Cycling
Cycling Pixabay

If you are looking for new and effective anti-aging supplement, then scientists have carried out a study that found that cycling keeps the immune system young and keeps you young.

The research, published in the journal Ageing Cell, studied 125 amateur cyclists, aged between 55 and 79 and compared them with healthy adults, who hardly exercise regularly.

The findings have shown that cycling helps to preserve muscle mass and strength with age, including control of body fat and cholesterol. In terms of male body, this particular exercise also keeps the testosterone levels high.

Britain's researchers, who conducted the study have stated that an organ called the thymus, which is responsible to create immune T-cells, usually starts to shrink from the age of 20. But they found that in the case of the older cyclists, this thymus is generating as much as possible T-cells.

The director of the Institute of Inflammation and Ageing at the University of Birmingham, Prof. Janet Lord said, "Our research means we now have strong evidence that encouraging people to commit to regular exercise throughout their lives is a viable solution to the problem that we are living longer but not healthier."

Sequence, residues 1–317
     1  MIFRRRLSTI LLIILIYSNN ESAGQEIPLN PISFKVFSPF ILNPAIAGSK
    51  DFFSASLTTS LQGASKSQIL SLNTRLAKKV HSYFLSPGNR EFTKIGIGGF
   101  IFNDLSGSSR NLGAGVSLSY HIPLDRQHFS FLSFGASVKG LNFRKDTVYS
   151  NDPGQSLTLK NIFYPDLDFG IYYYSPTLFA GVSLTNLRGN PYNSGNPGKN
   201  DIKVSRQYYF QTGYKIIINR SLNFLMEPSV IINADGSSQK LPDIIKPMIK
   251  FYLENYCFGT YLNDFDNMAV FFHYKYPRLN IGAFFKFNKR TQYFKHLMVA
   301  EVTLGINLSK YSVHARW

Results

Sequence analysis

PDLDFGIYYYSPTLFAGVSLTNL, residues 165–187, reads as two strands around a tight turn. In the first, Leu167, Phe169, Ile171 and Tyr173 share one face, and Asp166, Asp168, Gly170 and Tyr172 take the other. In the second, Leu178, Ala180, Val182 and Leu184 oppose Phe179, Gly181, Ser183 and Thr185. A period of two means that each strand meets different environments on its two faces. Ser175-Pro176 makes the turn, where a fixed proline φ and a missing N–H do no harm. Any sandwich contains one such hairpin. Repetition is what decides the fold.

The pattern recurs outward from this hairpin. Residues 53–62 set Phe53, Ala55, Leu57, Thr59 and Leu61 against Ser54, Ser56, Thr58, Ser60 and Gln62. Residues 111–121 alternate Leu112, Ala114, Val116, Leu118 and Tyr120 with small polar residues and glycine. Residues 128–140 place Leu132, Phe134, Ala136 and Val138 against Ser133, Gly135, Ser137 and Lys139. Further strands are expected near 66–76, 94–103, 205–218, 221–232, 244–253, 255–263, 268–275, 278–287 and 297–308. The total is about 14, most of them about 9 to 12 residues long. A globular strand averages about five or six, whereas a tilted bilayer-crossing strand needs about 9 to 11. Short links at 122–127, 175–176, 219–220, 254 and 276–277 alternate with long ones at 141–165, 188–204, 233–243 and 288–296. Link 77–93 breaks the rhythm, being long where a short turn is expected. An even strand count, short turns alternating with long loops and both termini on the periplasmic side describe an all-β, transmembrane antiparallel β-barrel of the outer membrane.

The male cyclists, who took part in this study, were able to cycle 100 km in 6.5 hours, while female participants had to cover 60 km in under 5.5 hours. This research included non-exercising people and divided them into different age groups.

While one group consisted of 75 healthy individuals, aged between 57 and 80, the other group had 55 young adults, aged from 20 to 36.

Professor Stephen Harridge, of King's College London, said that the findings showed that "the cyclists do not exercise because they are healthy, but that they are healthy because they have been exercising for such a large proportion of their lives."

"Their bodies have been allowed to age optimally, free from the problems usually caused by inactivity. Remove the activity and their health would likely deteriorate," he concluded.

Earlier, researchers from Houston Methodist Research Institute have found a way to reverse aging of human cells. They conducted a study on samples taken from older adults and people with progeria disease, which showed that the aging could be cured.

Some scientists have also given out hope of modifying genetic codes, which would help to cure the genetic as well as aging problems among humans.